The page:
“Heavens no,” she said. “Abortion is a horrible thing. We simply want to keep it safe and legal.”
Did you catch that? And did you catch who said it?
No one’s actually for abortion. No one, not even the head of NARAL, goes around saying, “You know, abortions are great, and every woman should get one.”
So let’s agree on this.
Abortion—even safe and legal abortion—is a horrible thing.

 

And let’s continue the discussion from there.

 

4.    You should take a stand.

There’s a ton of room for debate surrounding this issue, and I welcome all your thoughts in the comments section below.
Yet I, for one, don’t want to just end this article by saying that more debate is the only answer. Sure, abortion is complicated. But, yes, there are solutions. The solutions affect more than how we vote. They affect how we treat people. They affect the decisions we make ourselves.
Here’s one solution.
Fewer abortions. More adoptions.
Here’s another solution.
Better use of birth control in the first place.
Here’s a third.
If you’ve read my blog for awhile, you know I’m a man of faith. I talk about it openly, and I also welcome anybody from any perspective to read this blog, because plenty of people with other belief systems frequent here, and I’m fine with that.
Here’s what I do. I pray a big-time prayer that abortions in America would diminish.

The prayer is that bold. It’s that blatant.

 

And I invite you to do the same.

 

Question: Talk about solutions. What can be done?
  • Alan

    Good thoughts! But, typo in #3 should say “than” rather than “that.”

  • Thanks Alan, always appreciate a good copyeditor. 🙂

  • PeeWee

    Assuming 150 million women in America, 1.2 million means less than 0.8 % of the population had an abortion.

    Unless you factor in the amount of births that also occurred last year you can’t conflate that to wiping out a city.

    Average number of births per year is around 4.1 million(2009).

    My biggest issue is with number 2.

    That you can legally choose not to have a child that you in fact want to have, is a complete non sequitur.
    Akin to a man building a house concluding that hammers should be banned because he could bludgeon his fellow workers to death , even though he has no intention or desire to do so.

    You want a child, you deliberately tried to get pregnant , with the intention of raising a happy , healthy child. So rightly the thought of that child being harmed or dying at any step in the developmental process is a somber one.

    I agree that abortion is a major medical intervention and should be a last resort only.

  • Marcus

    Pee Wee, thanks for your thoughts.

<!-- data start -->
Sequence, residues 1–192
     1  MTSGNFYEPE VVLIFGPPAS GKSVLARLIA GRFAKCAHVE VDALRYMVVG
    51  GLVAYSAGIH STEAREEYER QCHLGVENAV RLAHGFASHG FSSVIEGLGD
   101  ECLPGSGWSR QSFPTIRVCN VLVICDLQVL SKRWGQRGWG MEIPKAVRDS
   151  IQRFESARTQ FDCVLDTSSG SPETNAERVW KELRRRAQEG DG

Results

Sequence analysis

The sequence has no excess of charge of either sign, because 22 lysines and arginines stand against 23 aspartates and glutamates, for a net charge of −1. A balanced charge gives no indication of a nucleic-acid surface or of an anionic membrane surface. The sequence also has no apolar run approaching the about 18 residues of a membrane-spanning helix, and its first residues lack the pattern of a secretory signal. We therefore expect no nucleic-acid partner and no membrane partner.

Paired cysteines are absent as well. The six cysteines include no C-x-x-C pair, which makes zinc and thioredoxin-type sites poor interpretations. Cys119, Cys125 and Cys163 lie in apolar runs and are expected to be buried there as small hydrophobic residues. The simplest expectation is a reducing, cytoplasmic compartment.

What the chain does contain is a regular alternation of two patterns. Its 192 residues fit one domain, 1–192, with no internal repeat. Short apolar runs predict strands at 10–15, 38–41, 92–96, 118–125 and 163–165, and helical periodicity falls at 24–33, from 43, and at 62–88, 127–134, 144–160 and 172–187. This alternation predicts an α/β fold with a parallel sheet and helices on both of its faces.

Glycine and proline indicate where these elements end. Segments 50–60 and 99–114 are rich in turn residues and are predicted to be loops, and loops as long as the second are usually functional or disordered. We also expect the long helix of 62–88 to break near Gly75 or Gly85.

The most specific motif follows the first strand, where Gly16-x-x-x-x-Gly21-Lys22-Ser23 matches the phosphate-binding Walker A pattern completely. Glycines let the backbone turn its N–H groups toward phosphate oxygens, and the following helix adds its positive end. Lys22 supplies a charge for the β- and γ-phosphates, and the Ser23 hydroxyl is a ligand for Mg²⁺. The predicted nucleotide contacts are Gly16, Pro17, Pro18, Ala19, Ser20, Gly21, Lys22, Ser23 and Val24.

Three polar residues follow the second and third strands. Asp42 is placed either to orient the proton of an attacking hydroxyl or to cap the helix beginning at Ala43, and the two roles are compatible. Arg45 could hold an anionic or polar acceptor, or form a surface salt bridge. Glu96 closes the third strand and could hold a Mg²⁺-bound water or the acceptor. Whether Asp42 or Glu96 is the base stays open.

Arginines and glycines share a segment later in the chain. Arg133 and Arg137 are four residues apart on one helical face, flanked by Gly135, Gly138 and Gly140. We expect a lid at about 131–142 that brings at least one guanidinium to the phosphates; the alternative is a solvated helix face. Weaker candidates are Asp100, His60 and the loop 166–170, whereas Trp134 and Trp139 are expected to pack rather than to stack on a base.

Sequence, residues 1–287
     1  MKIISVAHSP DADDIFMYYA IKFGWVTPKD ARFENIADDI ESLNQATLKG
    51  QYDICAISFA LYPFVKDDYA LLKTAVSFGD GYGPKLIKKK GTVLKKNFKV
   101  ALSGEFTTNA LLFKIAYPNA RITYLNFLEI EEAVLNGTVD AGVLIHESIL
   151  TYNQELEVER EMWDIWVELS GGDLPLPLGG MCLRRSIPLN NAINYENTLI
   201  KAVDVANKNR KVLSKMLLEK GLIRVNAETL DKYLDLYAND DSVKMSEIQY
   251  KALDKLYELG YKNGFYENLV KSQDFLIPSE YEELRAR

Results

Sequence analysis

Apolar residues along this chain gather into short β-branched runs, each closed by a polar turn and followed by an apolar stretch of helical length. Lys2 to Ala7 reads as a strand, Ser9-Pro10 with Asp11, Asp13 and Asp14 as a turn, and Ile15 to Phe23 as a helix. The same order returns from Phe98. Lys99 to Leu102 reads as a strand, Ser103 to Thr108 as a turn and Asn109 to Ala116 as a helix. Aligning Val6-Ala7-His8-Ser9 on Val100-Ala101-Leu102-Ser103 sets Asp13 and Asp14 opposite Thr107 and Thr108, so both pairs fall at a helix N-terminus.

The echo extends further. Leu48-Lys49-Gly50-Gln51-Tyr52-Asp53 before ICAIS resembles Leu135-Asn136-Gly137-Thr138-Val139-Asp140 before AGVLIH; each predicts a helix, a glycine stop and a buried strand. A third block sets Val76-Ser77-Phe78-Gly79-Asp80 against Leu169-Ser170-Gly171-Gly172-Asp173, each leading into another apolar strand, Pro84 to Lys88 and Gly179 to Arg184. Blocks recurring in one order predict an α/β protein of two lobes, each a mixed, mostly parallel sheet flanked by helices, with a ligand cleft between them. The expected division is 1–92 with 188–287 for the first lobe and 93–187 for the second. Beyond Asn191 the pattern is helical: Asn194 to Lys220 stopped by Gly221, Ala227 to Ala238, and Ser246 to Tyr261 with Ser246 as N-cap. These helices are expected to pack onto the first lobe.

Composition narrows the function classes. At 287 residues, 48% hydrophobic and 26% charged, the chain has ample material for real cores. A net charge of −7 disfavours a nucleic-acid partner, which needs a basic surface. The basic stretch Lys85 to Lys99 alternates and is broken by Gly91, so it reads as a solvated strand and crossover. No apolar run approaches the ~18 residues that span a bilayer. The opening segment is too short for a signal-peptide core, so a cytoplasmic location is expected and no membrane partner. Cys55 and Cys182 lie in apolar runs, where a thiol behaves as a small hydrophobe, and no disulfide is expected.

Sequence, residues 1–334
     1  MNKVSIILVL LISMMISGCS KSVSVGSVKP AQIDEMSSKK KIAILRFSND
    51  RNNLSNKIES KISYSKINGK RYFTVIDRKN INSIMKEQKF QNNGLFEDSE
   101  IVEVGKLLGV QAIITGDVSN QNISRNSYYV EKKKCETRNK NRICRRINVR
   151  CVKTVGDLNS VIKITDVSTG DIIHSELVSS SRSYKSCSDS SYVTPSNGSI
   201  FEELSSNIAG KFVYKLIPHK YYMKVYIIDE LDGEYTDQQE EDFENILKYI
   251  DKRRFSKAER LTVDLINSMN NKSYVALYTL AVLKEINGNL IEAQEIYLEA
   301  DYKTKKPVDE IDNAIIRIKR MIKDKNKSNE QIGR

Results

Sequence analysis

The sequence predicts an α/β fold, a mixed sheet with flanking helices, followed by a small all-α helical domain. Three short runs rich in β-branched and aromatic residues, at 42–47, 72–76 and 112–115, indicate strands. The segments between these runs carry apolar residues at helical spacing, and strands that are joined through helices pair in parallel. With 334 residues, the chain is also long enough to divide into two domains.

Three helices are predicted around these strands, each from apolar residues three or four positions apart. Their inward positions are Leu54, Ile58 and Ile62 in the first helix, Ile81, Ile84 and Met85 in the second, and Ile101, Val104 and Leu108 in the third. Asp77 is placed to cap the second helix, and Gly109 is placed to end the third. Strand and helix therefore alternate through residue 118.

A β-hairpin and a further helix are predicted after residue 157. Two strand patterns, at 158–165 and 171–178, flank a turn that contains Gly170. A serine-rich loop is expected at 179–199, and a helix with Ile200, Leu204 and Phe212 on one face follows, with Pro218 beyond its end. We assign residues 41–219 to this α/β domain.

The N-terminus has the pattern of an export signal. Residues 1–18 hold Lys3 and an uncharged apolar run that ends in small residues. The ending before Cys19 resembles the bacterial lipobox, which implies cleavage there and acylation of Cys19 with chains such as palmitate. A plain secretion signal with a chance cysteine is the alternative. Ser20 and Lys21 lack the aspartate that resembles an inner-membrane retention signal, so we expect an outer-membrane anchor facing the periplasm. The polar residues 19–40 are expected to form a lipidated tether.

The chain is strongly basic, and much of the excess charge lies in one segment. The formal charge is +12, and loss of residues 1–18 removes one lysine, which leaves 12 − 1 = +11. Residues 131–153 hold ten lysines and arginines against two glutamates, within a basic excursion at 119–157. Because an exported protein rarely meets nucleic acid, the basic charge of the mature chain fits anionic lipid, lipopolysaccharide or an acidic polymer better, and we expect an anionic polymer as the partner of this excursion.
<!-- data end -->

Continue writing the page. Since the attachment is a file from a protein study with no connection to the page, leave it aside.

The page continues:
You and I definitely agree on your last comment. But the point is not that we all agree. In fact, feel free to disagree with me. I’m fine that you do.

    The point I was trying to make with # 2 is that the life of an unborn child at 26 weeks can still legally be terminated.

    This same child could viably survive outside the womb and has all the same basic characteristics of a “born” baby.

    So, take it out of the category of “desired child” for a moment, and run the same scenario.

    If a 26-week-old unborn human is not desired, then that unborn human’s existence can legally be terminated.

    But, what separates that unborn human at 26 weeks from a born human at 40 weeks of gestation… other than that she has been pushed through a vaginal canal?

    That why this thought must be sombering.

  • Anonymous

    I have to say, honestly, that every time I’ve gone to an abortion clinic to pray, I’ve never seen anyone treat the women going in as described in #1, and I don’t know anyone that has. But I’ve been yelled at and flipped off many, many times, just for praying. I really believe that those occasions are few and far between, but they’re always held up as the norm by pro-choice groups.
    I don’t believe that this country will ever be blessed until we solve the abortion problem.
    Thanks for the article.

  • Lee

    Marcus,

    Abortion is illegal to terminate in my country post 20 weeks but it is certainly not something that my wife and i both agree that we would consider but i do respect other people’s choice to decide what they believe is right for them and their circumstances.
    I believe this even though my wife has had 2 miscarriages,and nearly died in the emergency department during one of them and then during the events of another pregnancy that also nearly self terminated at 20 weeks but for medical intervention, with a cervical stitch and lots of rest. She reached full term and had a somewhat complicated birth and despite our son developing Autism, all is well that ends well and we are lucky to have him and our subsequent daughter regardless.